Guidons for companies, batteries, troops, detachments and separate
platoons of the US Army's combat arms (excluding those for headquarters
units of groups and higher formations) generally follow a standard design
pattern: the field of the guidon is in the first-named branch color (e.g.
red for Cavalry) with the branch insignia, numerals and letters in the
second-named branch color.
For lettered companies of battalions of regiments, the branch insignia
is centered on the guidon with the regimental number above it, the company
letter or designation below it, and the battalion number vertically centered
between the insignia and the hoist. For lettered companies of separate
battalions, the battalion number is above the insignia and the company
letter below it. For separate companies, the company number appears below
the insignia. Named companies of battalions have an appropriate monogram
below the insignia (e.g. HH for headquarters & headquarters Troop/ Companies).
Exceptions to the above patterns are found in the infantry and the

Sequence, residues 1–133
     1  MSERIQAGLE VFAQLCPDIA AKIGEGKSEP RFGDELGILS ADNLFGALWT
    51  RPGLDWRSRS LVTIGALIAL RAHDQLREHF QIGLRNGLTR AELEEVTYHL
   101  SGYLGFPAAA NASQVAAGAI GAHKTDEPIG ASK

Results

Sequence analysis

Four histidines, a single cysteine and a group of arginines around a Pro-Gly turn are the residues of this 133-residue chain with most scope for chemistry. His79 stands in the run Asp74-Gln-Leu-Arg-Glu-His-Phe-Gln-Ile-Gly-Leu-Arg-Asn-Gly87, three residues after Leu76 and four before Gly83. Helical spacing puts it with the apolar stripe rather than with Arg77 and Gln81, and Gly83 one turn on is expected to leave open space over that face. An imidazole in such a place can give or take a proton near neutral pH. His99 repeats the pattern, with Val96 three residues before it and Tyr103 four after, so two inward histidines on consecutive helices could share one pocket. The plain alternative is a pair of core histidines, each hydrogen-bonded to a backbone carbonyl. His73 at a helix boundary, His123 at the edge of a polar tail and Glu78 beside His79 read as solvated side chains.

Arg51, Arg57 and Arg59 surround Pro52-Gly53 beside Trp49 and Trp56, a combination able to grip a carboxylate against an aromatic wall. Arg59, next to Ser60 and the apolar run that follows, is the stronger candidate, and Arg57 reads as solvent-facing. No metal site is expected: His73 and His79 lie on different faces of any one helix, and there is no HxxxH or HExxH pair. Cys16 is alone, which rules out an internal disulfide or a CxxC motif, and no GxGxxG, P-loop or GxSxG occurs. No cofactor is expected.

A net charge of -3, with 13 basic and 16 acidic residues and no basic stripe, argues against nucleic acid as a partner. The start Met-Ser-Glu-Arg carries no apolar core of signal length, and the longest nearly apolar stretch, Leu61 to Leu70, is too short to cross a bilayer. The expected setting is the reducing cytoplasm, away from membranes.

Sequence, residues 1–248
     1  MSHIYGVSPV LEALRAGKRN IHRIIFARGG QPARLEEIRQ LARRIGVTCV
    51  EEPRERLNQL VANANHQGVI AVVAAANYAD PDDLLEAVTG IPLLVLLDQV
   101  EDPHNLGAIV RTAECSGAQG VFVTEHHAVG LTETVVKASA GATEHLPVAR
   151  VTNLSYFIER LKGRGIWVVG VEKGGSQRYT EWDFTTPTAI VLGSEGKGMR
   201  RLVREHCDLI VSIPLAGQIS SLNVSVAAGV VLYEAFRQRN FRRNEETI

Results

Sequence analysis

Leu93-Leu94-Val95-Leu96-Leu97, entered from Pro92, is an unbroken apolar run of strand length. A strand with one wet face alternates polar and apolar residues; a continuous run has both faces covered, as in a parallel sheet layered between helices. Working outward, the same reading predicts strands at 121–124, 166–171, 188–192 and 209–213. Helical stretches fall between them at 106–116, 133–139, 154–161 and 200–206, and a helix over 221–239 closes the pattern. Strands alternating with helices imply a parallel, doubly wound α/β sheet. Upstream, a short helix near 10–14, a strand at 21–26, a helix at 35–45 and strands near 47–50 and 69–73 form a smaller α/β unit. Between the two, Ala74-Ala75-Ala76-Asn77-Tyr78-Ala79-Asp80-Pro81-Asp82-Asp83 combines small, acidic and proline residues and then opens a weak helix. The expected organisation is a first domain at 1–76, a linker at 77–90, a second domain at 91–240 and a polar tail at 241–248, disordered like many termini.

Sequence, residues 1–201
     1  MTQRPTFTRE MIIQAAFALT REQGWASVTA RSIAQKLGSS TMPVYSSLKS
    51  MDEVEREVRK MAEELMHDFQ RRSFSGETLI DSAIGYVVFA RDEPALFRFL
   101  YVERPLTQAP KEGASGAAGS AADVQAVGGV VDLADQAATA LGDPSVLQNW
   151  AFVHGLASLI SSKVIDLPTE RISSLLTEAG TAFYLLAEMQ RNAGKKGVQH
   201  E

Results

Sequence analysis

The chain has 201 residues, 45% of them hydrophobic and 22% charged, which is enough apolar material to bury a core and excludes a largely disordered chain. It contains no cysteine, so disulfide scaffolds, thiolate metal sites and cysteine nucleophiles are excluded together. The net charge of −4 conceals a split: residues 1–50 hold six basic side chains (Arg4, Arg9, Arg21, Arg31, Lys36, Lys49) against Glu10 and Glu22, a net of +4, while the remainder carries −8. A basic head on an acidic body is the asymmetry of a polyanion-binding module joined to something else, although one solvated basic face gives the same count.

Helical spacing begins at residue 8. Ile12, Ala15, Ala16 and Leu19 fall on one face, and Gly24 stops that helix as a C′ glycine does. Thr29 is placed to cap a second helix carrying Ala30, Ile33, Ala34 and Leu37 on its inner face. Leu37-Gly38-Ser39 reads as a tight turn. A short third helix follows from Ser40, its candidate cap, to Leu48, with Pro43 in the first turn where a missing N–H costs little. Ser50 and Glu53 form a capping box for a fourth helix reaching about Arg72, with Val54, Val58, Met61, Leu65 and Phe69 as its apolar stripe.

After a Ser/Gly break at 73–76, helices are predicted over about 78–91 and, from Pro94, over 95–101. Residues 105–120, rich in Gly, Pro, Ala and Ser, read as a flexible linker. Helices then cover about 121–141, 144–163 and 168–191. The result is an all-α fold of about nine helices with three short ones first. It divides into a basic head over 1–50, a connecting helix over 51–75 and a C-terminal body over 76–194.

cavalry. Infantry branch colors are light blue and white, but infantry
guidons have a national flag blue field. Cavalry guidons are horizontally
divided, scarlet over white, and they display no branch insignia. Letters
and numerals are white on the scarlet half of the guidon and scarlet on
the white half.
Unit decoration streamers are authorized for attachment to guidons
if the award is made specifically to the company. Campaign streamers are
not used with guidons. Companies that specifically qualify for a campaign
credit are recognized by the attachment of a Campaign Silver Band, engraved
with the campaign credit, to the guidon pole.
Dimensions for guidons are 20 inches at the hoist by 27 inches on
the fly with a 10-inch fork. Until recently, guidons were made of cotton
or wool bunting, but they are now being made of heavyweight rayon banner
cloth with more detailed renditions of branch insignia. Since guidons are
only replaced when they become worn out, both types may be found in service